Hi everyone! So, that was another fun hiatus. Since our last episode:
- I moved to another state.
- I’ve made it a project to check out all the area coffee places and review them on FourSquare (and also hopefully find a new favorite haunt or two).
- Put together another awesome Abby (from NCIS) outfit for Halloween.
- Remembered it was time for my other favorite Fall/Winter tradition: Seasonal Affective Disorder.
- Joined a yoga class in hopes of strengthening my zen-munity system to fight the S.A.D. bug.
- Resigned myself to the post-Halloween $tart of Chri$tma$ adverti$ing. Hope y’all are having a happy Black Friday Eve! Who else has visions of Walmart sales dancing in their heads? (/sarcasm) Nah, but seriously, I hope everyone has a happy and delicious Thanksgiving.
- Saw Mockingjay: Part 1.
And it’s that last point that finally put me back in the blogging mood — specifically, how they interpreted “The Hanging Tree” song. If you haven’t seen the movie but don’t mind an audio preview, check out this bit from the soundtrack:
For those who’ve read the book, don’t worry — they do explain the change from “rope” to “hope.”
I spoke briefly, in my “Everything is Music” post, about the role of folk songs in the Hunger Games series, specifically Rue’s lullaby in book 1 and “The Hanging Tree” in book 3. Now, while I wasn’t totally a fan of how movie 1 interpreted “Deep in the Meadow” (they could’ve at least given us the complete first verse; though, there is this bonus track by Sting. Eh, it’s sweet, but it sounds too generic to me), I immediately loved Jennifer Lawrence’s performance of “The Hanging Tree” in Mockingjay. It really sounded like it could be an Appalachian folk song, and I liked the combination of eerie matter-of-factness and defiance in the tone. It reminds me a bit of “The Highwayman” — the Alfred Noyes poem as sung by Loreena McKennitt — or “Which Side Are You On,” a 1931 protest song written by the wife of a Harlan County, KY union organizer (this was the version I heard originally, on one of my Pandora stations).
On a much more chilling note, Lindsey Weber of Vulture connects the song to Billie Holiday’s “Strange Fruit,” which is based on a 1938 poem about the lynching of two black men, and which became a Civil Rights anthem in the 50s and 60s.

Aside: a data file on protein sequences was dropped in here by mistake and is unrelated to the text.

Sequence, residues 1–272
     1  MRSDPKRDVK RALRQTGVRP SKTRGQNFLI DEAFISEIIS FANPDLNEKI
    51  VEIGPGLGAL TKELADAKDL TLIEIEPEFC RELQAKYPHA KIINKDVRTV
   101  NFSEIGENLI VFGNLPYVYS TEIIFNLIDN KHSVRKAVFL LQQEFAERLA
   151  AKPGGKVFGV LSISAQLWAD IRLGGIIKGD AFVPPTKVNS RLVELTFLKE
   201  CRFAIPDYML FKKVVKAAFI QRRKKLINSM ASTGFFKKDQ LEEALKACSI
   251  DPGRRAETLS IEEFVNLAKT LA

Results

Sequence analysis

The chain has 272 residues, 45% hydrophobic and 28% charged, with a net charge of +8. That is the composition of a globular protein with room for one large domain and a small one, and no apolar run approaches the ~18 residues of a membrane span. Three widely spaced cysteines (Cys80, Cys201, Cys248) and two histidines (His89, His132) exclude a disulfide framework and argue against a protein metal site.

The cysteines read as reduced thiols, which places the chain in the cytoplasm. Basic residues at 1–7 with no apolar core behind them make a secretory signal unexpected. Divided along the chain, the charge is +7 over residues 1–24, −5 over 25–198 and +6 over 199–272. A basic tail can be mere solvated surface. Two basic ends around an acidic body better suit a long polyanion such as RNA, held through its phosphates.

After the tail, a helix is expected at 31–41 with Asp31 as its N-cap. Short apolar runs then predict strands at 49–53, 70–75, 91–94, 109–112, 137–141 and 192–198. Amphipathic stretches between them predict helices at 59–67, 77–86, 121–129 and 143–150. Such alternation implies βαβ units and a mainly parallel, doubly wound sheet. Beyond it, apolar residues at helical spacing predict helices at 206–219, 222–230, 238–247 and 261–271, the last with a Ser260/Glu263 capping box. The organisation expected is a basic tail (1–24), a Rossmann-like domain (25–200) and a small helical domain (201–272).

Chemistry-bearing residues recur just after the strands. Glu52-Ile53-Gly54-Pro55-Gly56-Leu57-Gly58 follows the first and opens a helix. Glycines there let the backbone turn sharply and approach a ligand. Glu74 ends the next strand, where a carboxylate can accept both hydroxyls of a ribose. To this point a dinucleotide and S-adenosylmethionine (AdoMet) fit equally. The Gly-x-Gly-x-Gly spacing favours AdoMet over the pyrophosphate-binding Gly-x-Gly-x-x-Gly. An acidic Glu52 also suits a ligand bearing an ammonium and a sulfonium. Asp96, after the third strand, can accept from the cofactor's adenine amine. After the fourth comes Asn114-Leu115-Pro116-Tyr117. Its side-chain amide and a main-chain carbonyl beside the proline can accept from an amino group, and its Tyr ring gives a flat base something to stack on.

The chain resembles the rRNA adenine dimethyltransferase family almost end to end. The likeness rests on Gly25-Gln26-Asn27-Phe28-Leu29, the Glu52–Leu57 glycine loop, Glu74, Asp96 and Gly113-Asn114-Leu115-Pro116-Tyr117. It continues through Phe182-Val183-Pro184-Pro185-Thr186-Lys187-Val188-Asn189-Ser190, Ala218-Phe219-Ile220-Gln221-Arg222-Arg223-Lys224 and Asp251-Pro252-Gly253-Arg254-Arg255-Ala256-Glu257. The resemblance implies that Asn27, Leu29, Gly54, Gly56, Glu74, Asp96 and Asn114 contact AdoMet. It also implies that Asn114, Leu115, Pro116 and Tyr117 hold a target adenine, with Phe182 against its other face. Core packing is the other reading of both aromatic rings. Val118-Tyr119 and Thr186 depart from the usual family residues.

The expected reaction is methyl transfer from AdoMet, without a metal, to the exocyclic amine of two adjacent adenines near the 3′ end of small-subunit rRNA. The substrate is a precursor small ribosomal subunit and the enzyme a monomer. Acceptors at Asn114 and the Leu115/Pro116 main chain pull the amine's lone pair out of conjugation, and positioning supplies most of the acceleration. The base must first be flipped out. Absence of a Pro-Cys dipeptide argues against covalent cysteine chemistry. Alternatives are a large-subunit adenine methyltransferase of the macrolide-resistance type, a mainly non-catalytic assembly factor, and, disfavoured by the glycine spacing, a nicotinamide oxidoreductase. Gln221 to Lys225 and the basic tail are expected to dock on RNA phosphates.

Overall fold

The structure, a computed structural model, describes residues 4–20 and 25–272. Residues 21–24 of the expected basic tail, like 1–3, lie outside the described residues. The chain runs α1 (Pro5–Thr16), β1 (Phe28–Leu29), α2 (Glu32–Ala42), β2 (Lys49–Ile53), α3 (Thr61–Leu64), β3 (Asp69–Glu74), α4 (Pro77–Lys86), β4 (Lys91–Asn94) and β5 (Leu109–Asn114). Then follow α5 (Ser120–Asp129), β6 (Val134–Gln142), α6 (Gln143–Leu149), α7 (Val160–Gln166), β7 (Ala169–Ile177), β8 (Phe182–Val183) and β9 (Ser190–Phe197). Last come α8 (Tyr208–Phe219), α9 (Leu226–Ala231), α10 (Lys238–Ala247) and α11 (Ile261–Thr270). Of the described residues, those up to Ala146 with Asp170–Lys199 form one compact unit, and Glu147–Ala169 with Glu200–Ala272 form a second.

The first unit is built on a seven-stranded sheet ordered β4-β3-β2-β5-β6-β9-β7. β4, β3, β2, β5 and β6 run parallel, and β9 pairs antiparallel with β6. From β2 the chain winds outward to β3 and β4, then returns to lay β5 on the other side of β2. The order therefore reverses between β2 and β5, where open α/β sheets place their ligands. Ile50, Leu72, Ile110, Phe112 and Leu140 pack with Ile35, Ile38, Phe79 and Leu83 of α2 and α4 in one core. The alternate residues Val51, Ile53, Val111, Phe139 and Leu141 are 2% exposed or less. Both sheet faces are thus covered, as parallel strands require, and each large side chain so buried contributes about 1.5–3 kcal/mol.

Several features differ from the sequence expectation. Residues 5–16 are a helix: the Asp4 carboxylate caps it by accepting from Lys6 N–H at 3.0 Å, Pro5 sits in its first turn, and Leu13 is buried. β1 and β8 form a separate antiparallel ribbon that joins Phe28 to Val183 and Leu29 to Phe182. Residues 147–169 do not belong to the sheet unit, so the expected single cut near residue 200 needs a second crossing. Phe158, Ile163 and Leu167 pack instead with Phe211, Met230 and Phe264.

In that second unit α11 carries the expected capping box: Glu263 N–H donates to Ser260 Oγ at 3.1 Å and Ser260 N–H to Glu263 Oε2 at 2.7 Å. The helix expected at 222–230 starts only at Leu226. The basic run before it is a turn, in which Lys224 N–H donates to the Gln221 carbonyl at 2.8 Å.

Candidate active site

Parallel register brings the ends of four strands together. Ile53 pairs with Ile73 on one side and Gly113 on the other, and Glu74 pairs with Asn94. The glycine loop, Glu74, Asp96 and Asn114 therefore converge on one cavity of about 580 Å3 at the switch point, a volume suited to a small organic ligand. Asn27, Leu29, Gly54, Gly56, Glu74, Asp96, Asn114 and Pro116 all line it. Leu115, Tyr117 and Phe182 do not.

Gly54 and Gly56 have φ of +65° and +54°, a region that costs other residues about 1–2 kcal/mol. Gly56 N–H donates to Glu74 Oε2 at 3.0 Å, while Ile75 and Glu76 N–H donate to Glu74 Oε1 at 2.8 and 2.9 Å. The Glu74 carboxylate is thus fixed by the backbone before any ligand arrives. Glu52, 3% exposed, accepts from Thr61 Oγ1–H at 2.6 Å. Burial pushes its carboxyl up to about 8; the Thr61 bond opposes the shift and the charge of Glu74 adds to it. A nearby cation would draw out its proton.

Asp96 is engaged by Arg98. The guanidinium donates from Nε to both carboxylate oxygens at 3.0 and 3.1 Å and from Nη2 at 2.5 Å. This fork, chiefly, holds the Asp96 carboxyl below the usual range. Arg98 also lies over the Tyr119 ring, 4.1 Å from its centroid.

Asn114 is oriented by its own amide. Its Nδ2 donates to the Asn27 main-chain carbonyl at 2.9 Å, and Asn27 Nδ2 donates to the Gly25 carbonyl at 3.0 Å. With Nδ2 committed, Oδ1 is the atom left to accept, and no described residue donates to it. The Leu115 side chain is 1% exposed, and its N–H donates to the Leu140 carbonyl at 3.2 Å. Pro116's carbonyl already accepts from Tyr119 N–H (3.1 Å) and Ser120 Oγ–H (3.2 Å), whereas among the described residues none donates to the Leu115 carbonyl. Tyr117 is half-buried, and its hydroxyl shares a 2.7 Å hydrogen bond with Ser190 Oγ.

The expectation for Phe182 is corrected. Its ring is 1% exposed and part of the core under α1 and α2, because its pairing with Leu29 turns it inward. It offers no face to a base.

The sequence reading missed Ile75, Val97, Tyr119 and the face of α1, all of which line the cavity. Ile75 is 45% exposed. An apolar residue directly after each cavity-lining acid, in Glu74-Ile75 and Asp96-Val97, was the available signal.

Then a friend directed me to another version of “The Hanging Tree,” a fan arrangement by Adriana Figueroa (she has an even more gorgeous interpretation of Rue’s Lullaby. Seriously, it’s amazing):
See, now that’s the kind of melody I could imagine charming the mockingjays into silence and bringing Pollux to tears, as Katniss describes in the book. And where the movie version sounds like a protest song — appropriate for the rallying-the-districts angle — Figueroa’s song is more of a ballad, like “The Cuckoo” and “One I Love.” The song’s speaker in the movie version (Weber sees this as true of the song in general) could be addressing many people, calling not just his love, but his neighbors to defy the authorities even if it means risking death. The tone is defiant and encouraging. Figueroa’s version is more bittersweet, more despairing, with the dead rebel (did he really murder three people? Or was that just an excuse the authorities made up?) calling for his beloved to follow him into the afterlife, away from the suffering they’d been through. Just like Finnick at the beginning of the movie, knowing Annie was in the Capitol, saying he wished she was dead so Snow couldn’t torture her.
I was a little disappointed they didn’t give the back-story re: how Katniss learned the song and what it means to her, but maybe there’ll be something in Part 2. In the meantime, there’s this fan-made mini-film (about 12 min). The same group also made a film about Haymitch’s Quarter Quell, and a series of videos about Annie and Finnick.
What do you think of the movies’ take on the folk songs of District 12? How did you originally imagine them, and have you heard any other good fan versions?